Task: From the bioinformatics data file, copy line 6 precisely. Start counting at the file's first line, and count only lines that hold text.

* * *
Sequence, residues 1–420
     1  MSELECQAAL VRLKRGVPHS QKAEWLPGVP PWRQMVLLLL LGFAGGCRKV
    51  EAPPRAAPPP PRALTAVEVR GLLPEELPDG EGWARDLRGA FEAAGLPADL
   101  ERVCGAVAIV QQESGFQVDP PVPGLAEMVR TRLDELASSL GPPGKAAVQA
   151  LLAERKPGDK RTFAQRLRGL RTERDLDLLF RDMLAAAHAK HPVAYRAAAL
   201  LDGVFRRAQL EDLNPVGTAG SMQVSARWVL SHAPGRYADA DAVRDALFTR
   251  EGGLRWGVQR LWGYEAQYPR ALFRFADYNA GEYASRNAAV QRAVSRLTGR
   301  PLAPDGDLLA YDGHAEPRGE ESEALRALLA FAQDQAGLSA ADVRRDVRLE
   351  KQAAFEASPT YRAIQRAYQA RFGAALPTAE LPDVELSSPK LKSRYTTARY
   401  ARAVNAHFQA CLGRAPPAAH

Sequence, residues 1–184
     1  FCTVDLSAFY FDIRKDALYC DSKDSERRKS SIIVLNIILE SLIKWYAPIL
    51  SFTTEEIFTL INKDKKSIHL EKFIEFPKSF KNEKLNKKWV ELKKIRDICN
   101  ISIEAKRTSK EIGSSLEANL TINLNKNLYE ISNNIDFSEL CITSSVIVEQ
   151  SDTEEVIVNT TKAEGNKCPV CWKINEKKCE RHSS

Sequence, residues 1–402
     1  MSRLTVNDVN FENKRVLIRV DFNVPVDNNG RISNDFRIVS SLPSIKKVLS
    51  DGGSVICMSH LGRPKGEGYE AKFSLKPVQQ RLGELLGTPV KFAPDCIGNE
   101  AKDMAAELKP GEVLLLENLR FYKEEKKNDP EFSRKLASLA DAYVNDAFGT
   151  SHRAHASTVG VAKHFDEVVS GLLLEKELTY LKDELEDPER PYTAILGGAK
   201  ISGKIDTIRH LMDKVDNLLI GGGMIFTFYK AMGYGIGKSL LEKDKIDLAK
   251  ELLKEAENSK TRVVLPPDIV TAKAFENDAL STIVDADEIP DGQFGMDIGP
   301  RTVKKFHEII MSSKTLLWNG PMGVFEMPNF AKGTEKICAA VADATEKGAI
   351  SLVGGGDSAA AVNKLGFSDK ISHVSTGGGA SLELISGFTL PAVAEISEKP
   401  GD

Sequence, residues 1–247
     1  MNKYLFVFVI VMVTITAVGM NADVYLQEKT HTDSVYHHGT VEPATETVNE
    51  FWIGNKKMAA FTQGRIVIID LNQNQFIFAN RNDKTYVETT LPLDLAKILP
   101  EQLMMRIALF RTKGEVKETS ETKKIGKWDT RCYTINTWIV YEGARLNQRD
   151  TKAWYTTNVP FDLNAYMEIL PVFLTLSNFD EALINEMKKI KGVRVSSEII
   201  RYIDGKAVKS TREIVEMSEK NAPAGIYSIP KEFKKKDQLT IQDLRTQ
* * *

   201  LDGVFRRAQL EDLNPVGTAG SMQVSARWVL SHAPGRYADA DAVRDALFTR